Metascore
49

Mixed or average reviews - based on 12 Critics

Critic score distribution:
  1. Positive: 3 out of 12
  2. Negative: 1 out of 12
  1. Jake Paltrow's comedy takes familiar male-angst material and turns it into a painful--but fun--string of jokes.
  2. Reviewed by: Justin Chang
    70
    Though its forays into the subconscious may strike more adventurous cinematic palettes as precious and unimaginative, few will be able to resist Martin Freeman's appealing lead turn or the wry Brit wit that gives this fanciful confection a robust comic core.
  3. The filmmaker's got good taste -- and luck -- in casting.
  4. 58
    Either way, it's too pretentious--or not nearly pretentious enough.
  5. There is a fine idea for a romantic comedy in Jake Paltrow's The Good Night but the writer-director, in his debut feature, never develops it much beyond the idea stage.
  6. As thin and wispy as a dream you can't quite remember in the morning, writer-director Jake Paltrow's The Good Night wastes the ample comedy talent of Martin Freeman, turns his famous sister Gwyneth into a shrew, and makes you wish Danny DeVito had directed the movie instead of acting in it.
  7. 50
    The Good Night is at heart a mediocre Sundance variation on the Dudley Moore-Bo Derek alleged classic "10."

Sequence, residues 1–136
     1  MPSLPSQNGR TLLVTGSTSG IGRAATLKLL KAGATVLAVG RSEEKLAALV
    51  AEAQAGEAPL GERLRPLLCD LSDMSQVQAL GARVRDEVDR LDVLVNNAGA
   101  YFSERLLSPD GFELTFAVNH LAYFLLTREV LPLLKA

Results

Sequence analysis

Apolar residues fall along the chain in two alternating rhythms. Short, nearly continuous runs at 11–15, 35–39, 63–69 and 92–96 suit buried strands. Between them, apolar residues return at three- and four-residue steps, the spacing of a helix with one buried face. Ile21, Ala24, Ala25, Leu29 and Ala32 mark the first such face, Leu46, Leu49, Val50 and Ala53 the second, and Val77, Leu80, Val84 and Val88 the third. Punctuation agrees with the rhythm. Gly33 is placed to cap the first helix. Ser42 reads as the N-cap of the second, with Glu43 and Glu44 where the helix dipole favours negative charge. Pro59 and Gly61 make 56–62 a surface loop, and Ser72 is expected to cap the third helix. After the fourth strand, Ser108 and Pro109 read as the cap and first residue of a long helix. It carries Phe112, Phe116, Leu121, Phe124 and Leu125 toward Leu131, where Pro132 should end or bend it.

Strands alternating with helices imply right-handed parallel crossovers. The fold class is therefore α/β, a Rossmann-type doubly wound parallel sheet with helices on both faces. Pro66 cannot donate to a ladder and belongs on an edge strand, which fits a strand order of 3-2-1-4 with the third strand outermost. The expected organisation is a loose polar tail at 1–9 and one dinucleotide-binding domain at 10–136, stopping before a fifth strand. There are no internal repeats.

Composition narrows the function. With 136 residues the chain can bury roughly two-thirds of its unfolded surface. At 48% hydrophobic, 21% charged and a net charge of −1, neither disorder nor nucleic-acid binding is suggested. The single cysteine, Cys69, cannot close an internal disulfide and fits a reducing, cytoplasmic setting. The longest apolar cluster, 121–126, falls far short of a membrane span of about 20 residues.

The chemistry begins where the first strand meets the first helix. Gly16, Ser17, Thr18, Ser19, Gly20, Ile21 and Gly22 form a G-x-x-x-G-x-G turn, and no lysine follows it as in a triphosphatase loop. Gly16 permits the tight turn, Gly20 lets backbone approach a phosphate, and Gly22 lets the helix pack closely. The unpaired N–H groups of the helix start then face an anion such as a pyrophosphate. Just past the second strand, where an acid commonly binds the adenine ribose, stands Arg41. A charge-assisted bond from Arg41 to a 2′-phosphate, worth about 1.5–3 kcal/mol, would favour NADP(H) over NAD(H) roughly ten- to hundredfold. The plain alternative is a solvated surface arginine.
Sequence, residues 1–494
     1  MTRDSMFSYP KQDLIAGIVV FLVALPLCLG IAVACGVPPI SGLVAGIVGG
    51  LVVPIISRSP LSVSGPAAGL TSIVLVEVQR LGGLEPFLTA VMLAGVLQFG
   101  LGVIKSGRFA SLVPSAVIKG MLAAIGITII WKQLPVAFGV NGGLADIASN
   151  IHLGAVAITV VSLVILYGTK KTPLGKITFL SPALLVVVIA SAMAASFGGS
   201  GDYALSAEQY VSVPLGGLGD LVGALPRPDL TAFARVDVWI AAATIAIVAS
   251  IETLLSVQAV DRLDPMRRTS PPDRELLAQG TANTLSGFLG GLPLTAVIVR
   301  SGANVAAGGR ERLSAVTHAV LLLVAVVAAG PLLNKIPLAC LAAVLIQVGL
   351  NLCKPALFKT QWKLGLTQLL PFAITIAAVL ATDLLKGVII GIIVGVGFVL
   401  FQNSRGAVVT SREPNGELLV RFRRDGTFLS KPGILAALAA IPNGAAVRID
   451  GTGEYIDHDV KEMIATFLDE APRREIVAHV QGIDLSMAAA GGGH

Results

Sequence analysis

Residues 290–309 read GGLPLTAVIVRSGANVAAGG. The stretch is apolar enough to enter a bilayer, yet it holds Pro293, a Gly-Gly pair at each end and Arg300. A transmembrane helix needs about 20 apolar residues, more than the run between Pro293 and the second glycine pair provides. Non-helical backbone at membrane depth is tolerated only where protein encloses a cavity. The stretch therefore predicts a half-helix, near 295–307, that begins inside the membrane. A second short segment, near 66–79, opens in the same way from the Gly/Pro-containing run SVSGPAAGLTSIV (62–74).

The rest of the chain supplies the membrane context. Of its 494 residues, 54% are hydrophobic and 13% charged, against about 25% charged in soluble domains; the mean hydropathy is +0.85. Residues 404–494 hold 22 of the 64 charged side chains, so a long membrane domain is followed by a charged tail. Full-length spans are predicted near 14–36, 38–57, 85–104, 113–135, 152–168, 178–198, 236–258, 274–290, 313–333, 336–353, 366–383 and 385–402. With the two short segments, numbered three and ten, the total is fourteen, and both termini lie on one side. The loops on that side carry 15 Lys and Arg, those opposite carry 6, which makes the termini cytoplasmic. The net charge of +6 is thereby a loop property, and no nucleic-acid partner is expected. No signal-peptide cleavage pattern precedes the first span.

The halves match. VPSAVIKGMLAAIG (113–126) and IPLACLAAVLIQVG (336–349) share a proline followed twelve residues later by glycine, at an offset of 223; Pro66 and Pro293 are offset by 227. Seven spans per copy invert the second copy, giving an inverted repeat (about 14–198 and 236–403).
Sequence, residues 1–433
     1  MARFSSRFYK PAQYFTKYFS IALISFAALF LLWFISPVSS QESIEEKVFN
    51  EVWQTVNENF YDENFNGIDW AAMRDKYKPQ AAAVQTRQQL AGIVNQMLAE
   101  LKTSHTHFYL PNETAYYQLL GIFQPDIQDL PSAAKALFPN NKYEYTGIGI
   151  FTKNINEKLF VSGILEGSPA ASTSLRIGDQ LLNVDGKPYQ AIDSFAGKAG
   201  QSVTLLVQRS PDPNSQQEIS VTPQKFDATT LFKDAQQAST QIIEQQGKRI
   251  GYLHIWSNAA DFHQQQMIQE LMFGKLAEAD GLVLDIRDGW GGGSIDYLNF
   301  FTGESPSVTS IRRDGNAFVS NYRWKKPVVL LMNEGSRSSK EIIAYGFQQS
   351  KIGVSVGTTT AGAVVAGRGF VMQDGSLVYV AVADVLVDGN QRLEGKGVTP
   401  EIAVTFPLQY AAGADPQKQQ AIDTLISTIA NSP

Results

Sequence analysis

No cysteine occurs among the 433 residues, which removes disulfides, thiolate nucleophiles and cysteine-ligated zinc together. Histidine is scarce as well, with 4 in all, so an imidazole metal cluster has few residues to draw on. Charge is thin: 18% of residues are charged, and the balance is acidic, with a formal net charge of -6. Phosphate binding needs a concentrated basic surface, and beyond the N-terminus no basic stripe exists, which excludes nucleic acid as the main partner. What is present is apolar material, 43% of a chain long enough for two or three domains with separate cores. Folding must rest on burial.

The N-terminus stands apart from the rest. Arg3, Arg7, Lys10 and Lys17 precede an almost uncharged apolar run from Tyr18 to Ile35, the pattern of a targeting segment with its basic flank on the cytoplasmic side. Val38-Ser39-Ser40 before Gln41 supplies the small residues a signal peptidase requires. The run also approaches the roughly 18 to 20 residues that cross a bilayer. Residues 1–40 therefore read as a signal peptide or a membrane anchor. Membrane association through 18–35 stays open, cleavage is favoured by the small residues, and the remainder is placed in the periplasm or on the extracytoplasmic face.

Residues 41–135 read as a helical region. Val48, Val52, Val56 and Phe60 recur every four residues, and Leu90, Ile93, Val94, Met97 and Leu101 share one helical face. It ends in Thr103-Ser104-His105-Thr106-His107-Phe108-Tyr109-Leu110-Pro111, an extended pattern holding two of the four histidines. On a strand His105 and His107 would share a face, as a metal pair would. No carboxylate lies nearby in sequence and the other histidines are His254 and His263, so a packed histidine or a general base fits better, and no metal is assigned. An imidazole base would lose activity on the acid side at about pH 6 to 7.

8. Reviewed by: Michelle Orange
    50
    Director Jake Paltrow's feature debut has all the hallmarks of an earnest young man's feature debut, and while that is not necessarily a bad thing, I can only imagine that it fit Sundance like a fingerless glove when it had its premiere there earlier this year.
  9. 50
    The Good Night has flashes of bookish wit but never quite recovers from the metronomic monotony of its first half, which ticktocks between scenes of Paltrow braying and Cruz voguing.
  10. 40
    There's a gloomy quality to The Good Night I sort of appreciated -- much of it was shot in London, although it's supposed to occur in New York -- but after the initial acerbic setup fades, Gary becomes less and less likable and the movie evaporates into nothing.
  11. The comedy of male midlife angst dates back at least to “The Seven-Year Itch,” when it was sweet and innocent. Each time it is recycled, it gets more sour and joyless.
  12. 38
    The movie's film-studentish navel-gazing wears thin long before its over.

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